I've got a python program which is reading data from a serial port via the PySerial module. The two conditions I need to keep in mind are: I don't know how much data will arive, and I don't know when to expect data.

Based on this I have came up with the follow code snipets:

#Code from main loop, spawning thread and waiting for data
s = serial.Serial(5, timeout=5)  # Open COM5, 5 second timeout
s.baudrate = 19200

#Code from thread reading serial data
while 1:
  tdata = s.read(500)    # Read 500 characters or 5 seconds

  if(tdata.__len__() > 0):        #If we got data
    if(self.flag_got_data is 0):  #If it's the first data we recieved, store it
      self.data = tdata        
    else:                         #if it's not the first, append the data
      self.data += tdata
      self.flag_got_data = 1

So this code will loop forever getting data off the serial port. We'll get up to 500 characters store the data, then alert the main loop by setting a flag. If no data is present we'll just go back to sleep and wait.

The code is working, but I don't like the 5s timeout. I need it because I don't know how much data to expect, but I don't like that it's waking up every 5 seconds even when no data is present.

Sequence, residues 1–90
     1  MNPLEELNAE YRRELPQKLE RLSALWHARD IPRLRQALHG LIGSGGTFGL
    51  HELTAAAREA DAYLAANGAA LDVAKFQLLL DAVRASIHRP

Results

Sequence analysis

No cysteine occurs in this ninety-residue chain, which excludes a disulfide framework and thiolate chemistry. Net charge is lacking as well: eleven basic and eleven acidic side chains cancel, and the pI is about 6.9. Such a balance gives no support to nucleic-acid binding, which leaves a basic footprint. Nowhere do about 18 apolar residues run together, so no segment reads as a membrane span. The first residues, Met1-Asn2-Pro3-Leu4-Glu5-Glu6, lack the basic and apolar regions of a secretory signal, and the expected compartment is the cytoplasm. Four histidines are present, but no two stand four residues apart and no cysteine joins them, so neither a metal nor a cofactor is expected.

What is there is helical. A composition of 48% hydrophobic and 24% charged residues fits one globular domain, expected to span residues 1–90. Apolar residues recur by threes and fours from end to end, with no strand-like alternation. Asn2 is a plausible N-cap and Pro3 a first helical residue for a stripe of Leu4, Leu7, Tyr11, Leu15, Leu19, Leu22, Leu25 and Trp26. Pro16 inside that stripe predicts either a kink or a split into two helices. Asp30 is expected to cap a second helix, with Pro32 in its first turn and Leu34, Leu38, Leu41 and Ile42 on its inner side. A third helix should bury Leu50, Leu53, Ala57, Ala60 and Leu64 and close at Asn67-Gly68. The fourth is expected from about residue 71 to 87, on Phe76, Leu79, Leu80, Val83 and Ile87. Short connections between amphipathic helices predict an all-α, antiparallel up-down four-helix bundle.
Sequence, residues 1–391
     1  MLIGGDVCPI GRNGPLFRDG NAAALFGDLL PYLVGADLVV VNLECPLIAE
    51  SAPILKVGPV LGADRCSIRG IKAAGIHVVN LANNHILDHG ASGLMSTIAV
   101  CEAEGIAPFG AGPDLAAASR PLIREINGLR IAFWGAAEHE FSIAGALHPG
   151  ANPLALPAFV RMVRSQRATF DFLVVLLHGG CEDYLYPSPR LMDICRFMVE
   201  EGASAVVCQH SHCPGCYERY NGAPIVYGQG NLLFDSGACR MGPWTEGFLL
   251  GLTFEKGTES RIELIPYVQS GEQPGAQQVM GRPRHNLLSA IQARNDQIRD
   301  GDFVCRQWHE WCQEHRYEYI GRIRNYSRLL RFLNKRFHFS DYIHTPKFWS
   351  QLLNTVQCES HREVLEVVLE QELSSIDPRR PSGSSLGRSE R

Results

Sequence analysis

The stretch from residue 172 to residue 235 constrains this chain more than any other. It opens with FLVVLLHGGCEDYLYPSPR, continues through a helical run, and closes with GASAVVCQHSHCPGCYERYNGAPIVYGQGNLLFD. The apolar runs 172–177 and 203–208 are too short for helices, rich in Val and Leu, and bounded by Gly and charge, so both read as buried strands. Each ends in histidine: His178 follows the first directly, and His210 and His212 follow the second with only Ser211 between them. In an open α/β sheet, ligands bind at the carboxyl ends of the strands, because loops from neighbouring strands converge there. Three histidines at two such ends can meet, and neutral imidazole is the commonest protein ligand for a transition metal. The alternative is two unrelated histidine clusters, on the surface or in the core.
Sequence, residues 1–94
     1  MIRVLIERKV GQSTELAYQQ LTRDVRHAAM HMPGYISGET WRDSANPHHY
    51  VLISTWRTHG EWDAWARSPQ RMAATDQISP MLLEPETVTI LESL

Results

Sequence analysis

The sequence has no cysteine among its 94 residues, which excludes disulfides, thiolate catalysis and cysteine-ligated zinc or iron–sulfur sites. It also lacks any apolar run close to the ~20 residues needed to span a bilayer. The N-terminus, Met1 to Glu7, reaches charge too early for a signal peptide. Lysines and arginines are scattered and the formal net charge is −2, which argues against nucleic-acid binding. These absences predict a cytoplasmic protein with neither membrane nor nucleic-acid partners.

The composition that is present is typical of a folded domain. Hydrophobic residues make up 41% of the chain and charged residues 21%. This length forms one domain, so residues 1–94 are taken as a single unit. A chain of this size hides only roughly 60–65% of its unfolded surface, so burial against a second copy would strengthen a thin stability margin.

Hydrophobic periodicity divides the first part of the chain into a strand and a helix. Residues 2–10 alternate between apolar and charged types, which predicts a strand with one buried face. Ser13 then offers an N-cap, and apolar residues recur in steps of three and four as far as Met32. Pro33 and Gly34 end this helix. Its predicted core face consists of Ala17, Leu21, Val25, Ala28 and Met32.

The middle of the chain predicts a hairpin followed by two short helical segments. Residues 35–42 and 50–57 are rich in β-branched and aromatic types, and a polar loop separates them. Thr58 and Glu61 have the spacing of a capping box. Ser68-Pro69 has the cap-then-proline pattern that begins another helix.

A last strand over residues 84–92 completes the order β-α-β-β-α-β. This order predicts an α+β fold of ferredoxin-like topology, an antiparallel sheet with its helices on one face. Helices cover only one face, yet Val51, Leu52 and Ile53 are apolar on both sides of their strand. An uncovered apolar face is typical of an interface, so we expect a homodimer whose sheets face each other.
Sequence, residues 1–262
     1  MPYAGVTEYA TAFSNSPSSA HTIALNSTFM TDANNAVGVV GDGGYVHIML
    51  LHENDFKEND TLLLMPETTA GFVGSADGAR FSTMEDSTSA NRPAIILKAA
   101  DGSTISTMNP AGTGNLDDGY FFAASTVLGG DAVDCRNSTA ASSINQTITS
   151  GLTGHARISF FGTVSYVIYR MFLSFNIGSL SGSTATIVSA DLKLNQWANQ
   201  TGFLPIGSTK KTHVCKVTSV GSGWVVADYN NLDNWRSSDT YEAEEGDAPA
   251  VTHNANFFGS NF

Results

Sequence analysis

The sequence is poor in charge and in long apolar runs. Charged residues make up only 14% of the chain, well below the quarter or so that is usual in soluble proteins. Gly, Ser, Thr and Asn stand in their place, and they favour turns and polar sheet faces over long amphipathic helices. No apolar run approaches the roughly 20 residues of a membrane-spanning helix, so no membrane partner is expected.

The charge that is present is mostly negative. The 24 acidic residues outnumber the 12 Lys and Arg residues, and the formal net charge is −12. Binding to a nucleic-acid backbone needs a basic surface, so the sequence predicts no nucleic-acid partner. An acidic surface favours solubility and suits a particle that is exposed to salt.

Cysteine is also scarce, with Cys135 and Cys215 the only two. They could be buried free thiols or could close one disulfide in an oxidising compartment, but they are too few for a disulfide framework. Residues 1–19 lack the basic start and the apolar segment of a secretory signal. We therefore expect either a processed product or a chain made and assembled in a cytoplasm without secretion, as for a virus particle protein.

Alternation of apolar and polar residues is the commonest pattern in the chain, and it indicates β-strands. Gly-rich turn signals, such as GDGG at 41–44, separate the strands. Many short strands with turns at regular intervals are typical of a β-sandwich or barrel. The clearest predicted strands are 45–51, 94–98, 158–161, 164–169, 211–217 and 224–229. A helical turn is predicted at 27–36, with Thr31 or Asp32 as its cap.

Is there any way to check when data becomes available before doing the read? I'm thinking something like the select command in Linux.

Just thought I'd note that I found the inWaiting() method, but really that seems it just change my "sleep" to a poll, so that's not what I want here. I just want to sleep until data comes in, then go get it.

3 Answers

Mike On Best Solutions

Ok, I actually got something together that I like for this. Using a combination of read() with no timeout and the inWaiting() method:

#Modified code from main loop: 
s = serial.Serial(5)

#Modified code from thread reading the serial port
while 1:
  tdata = s.read()           # Wait forever for anything
  time.sleep(1)              # Sleep (or inWaiting() doesn't give the correct value)
  data_left = s.inWaiting()  # Get the number of characters ready to be read
  tdata += s.read(data_left) # Do the read and combine it with the first character

  ... #Rest of the code

This seems to give the results I wanted, I guess this type of functionality doesn't exist as a single method in Python


You can set timeout = None, then the read call will block until the requested number of bytes are there. If you want to wait until data arrives, just do a read(1) with timeout None. If you want to check data without blocking, do a read(1) with timeout zero, and check if it returns any data.

(see documentation http://pyserial.sourceforge.net/pyserial_api.html)

user5509884 On
def cmd(cmd,serial):
    while True:
        out+= str(serial.read(1))
        if prev == out: return out
    return out

call it like this:

cmd('ATZ',serial.Serial('/dev/ttyUSB0', timeout=1, baudrate=115000))